The Copyright Office seeks to examine the issues raised by "orphan works," i.e., copyrighted works whose owners are difficult or even impossible to locate. Concerns have been raised that the uncertainty surrounding ownership of such works might needlessly discourage subsequent creators and users from incorporating such works in new creative efforts or making such works available to the public. This notice requests written comments from all interested parties. Specifically, the Office is seeking comments on whether there are compelling concerns raised by orphan works that merit a legislative, regulatory or other solution, and what type of solution could effectively address these concerns without conflicting with the legitimate interests of authors and right holders.
I'll certainly be discussing this matter in the blawg, but I think I'm sort of obligated to work through fan fiction first. I do have a couple of initial thoughts, though, that I think should be considered by commenters.
- I find it both curious and revealing that virtually every instance cited in the Register concerns nontextual materials. This may well be a simple practicality issue: It's far easier to search for textual material using databases and the Internet, which both deters abuse and makes it a lot easier to track down potential owners. I suspect, however, that this is mostly due to the differing natures of "average ownership". A far higher proportion of registered nontextual works is WFH than is true for text. In turn, this implicates business dissolution practices as much as anything else. The key question is this: What happens to ownership of the copyright upon the "death" of the business-entity patron? The answer is not as clear as one might expect. Business sometimes just quietly collapse with a whimper; sometimes they get sloppily absorbed by another business; sometimes absorbtion is neater; and sometimes the Bankruptcy Code comes into play. Even in that last instance, though, very few trustees (or, for that matter, debtors, since the trustee largely relies upon the debtor for information) understand enough to even ensure that the materials are mentioned.
For discussion's sake, I propose that the Register of Copyright issue an interpretive regulation regarding the ownership of WFH. If a business entity owning WFH copyright fails to take explicit steps to clarify the ownership, a successor in interest has two copyright years to take those same steps (all copyright issues are measured to midnight on 31 December). After that period, ownership reverts to the person(s) who would have been the "authors" but for the WFH doctrine, and such reversion is irrevocable. If that cannot be unambiguously determined, thenand only thenis the work an "orphan" subject to whatever provisions are finally adopted.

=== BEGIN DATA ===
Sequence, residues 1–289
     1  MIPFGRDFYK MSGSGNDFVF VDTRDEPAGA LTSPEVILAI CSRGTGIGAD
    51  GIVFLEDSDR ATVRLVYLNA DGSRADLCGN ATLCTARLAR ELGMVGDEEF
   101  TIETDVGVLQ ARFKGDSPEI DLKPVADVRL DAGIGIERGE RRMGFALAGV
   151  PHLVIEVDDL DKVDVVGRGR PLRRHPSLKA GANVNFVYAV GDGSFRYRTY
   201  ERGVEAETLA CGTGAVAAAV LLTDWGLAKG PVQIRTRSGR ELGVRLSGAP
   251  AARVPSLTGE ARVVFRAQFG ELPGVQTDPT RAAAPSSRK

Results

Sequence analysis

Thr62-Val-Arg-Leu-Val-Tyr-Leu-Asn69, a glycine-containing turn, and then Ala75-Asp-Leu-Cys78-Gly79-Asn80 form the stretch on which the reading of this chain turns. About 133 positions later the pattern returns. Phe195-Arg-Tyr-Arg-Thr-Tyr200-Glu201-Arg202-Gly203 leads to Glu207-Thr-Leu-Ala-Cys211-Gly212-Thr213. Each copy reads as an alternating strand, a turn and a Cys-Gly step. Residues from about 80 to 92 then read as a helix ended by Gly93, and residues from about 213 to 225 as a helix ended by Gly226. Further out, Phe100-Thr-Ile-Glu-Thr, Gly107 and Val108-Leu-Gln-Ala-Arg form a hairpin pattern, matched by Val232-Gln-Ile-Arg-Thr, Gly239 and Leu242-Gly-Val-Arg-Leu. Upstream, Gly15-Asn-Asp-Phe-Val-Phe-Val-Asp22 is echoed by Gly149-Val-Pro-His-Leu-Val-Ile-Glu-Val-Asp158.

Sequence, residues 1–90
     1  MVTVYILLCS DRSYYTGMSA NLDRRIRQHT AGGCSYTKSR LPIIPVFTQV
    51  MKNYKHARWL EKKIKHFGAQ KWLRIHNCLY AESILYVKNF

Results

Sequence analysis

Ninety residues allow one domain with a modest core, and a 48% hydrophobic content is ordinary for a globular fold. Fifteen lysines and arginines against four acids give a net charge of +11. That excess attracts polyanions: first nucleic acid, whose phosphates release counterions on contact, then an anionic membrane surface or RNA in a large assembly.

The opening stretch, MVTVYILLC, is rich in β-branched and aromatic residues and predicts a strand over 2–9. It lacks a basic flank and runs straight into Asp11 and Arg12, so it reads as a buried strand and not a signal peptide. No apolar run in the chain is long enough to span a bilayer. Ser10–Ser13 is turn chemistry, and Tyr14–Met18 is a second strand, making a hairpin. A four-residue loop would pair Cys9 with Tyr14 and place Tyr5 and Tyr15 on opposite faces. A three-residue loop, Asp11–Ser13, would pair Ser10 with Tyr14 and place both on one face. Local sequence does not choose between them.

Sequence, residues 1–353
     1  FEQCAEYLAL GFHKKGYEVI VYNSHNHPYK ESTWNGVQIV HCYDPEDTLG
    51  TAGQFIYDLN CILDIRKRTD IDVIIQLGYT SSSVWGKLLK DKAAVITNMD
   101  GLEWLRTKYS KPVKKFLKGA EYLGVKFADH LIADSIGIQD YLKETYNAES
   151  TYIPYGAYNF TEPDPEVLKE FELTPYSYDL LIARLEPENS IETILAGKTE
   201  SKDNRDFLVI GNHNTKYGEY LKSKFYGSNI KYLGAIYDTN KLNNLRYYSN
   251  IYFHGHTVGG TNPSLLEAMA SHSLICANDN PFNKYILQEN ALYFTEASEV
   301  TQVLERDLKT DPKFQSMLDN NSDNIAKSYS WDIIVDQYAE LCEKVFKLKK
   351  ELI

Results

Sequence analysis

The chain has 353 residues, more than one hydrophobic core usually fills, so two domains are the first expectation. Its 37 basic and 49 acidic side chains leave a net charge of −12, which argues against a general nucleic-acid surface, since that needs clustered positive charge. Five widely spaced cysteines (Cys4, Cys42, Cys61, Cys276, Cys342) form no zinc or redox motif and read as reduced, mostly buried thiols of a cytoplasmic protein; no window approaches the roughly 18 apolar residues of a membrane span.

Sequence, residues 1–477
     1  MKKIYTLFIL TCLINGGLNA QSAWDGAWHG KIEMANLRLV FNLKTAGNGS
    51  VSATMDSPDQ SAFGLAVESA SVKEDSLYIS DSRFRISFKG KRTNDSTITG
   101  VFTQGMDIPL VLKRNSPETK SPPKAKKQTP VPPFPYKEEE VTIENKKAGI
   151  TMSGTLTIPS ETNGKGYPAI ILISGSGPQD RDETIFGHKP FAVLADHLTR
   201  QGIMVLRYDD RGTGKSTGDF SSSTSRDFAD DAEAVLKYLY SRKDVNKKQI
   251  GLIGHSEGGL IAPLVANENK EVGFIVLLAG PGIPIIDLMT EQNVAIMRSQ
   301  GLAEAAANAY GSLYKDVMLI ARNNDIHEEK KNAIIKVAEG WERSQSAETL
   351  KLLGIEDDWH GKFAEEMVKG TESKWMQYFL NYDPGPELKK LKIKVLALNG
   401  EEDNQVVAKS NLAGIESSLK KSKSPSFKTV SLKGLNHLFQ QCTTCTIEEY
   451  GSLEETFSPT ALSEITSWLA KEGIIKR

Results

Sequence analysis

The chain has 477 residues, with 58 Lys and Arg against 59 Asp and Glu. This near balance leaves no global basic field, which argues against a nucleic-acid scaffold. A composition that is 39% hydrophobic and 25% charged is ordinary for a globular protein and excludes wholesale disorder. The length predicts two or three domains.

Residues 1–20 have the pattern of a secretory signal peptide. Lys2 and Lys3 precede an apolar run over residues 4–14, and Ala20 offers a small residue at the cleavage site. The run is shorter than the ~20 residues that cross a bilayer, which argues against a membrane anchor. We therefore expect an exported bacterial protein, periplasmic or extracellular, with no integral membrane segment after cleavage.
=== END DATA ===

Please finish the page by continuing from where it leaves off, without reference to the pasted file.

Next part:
- No matter what happens, I strongly oppose any kind of mandatory renewal of copyright, however that may be termed. The arguments that have been put forth in favor of this are specious at best, and self-serving at worst. More on this another time.
- The Canadian approach has a great deal to recommend it, although it definitely needs more thought to be adapted to US practices. Under Canadian law, if one cannot locate the holder of a work after reasonable effort, one can apply to the Canadian government for a license to use. The government then sets a fee, and the fee is held in trust for any later-discovered holder of the rights. The obvious hole is what happens when the second user incorrectly decides that his/her use is "fair" and does not apply for the license; but that is far too complex an issue for here and now!
- No matter what procedure is adopted, at minimum it should include a searchable public list of requests/attempts to treat works as orphans, with copies of applications to be specifically provided to the major organizations that represent actual creators. The Copyright Office needs to ensure that no fee is charged for access to these materials; if access is fee-based, all this will do is create another opportunity for fraud and holding rights hostage. Like the publishing, film, TV, and music industries need another excuse for that!